The Assassination of Gianni Versace: American Crime Story is set to premiere January 2018 on FX.
Link: http://www.harpersbazaar.com/culture/film-tv/a11664541/american-crime-story-season-2-versace-darren-criss/?src=socialflowTWHarpersBazaar wrote:
Darren Criss Talks Getting Inside The Mind of Gianni Versace's Killer
August 10, 2017
The opening nine minutes were shown to reporters at the TCA Press Tour this week, and they are ravishing, exhilarating and deeply stressful, devoting equal time to establishing Gianni Versace (Edgar Ramirez), larger-than-life and seemingly untouchable, and the man who is about to kill him, Andrew Cunanan (Darren Criss), shaky and clearly unhinged.
[. . . ]
“Andrew was so many different personalities to so many different people,” Criss told BAZAAR.com, referring to multiple conversation he’s had with people who knew Cunanan. “For me, that makes things a bit easier—we see him at his best, we see him at his worst, we see him at his most charming, we see him at his most hurt. It's been one of the most exhilarating characters that I've spent time with because he is so all over the place, and he's capable of truly great things. My goal is to have people exercise their sense of empathy, because from the get-go we all know that he's capable of something truly horrendous… it’s been a wonderful challenge to find as much humanity as possible.”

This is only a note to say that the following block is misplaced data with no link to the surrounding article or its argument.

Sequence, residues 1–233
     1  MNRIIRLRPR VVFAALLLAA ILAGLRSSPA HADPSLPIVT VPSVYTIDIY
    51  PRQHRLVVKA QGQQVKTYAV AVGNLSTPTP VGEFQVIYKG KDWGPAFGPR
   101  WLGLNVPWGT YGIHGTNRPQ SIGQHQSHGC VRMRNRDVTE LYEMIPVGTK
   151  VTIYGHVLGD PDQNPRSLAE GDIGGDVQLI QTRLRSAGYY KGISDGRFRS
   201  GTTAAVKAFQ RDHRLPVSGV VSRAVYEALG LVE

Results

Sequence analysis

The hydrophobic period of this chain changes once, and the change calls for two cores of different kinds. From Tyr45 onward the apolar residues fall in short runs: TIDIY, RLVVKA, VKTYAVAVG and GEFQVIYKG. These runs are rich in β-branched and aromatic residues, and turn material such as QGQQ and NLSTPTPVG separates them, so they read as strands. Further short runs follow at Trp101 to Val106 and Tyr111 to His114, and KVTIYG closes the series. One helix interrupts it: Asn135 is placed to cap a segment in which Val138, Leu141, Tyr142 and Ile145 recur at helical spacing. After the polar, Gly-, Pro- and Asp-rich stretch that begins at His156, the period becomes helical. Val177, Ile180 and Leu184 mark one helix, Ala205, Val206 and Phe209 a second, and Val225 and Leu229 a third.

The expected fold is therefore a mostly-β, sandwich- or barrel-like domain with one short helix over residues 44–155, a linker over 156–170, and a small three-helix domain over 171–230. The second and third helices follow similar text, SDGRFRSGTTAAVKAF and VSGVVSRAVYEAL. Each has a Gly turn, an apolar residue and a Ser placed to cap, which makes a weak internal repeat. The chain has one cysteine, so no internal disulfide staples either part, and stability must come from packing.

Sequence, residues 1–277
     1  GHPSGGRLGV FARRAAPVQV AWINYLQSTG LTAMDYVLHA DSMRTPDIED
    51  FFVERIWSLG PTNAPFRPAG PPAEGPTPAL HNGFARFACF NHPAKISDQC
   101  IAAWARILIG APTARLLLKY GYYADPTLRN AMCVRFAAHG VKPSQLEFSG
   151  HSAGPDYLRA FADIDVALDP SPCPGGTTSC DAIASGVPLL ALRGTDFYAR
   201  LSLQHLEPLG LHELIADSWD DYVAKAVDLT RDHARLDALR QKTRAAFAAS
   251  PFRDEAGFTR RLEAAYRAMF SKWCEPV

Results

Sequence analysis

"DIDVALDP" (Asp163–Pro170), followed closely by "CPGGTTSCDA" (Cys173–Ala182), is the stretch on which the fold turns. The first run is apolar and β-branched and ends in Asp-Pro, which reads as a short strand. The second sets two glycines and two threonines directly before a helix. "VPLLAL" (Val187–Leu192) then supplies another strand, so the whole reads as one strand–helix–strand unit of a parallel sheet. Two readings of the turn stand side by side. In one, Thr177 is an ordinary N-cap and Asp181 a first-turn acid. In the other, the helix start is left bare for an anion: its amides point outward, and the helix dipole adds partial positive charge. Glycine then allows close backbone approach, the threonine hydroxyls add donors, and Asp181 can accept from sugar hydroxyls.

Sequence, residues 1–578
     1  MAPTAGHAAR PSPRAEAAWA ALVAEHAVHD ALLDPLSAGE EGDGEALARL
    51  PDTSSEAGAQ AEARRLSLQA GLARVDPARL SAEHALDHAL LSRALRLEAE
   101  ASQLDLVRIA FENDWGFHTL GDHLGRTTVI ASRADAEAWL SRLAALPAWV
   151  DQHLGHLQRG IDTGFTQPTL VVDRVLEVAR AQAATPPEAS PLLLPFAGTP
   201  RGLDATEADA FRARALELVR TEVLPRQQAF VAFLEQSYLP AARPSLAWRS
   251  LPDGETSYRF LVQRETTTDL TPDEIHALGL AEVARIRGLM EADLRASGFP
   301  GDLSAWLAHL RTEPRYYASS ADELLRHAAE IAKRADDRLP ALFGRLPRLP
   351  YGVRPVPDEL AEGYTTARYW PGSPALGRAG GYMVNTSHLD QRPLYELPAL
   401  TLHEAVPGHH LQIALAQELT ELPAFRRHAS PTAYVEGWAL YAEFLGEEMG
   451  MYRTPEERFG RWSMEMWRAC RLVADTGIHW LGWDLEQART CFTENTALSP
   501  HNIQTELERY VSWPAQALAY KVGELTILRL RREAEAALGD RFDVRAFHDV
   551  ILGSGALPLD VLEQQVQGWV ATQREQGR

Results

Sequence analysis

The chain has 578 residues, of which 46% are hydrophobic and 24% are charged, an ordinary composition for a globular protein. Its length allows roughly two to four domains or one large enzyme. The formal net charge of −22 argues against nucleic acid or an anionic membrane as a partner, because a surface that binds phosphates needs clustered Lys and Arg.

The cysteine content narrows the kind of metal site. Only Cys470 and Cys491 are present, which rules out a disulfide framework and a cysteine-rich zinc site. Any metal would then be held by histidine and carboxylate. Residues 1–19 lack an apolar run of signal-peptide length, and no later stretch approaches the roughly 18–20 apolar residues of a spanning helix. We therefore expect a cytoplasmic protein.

The book Vulgar Favors: Andrew Cunanan, Gianni Versace, and the Largest Failed Manhunt in U.S. History, by Vanity Fair writer Maureen Orth, is the source material for the season. Very little is known about Cunanan beyond what Orth pieced together, but Smith teases out a parallel between Versace and his killer. “We were talking earlier about the similarities between somebody like Gianni and someone like Andrew,” Criss continued. “On paper, you go, that’s insane, you can’t possibly compare the two, and obviously they’re very, very different men. But we try to find common denominators between these two men who had different levels of brilliance that were guided in very, very different ways.”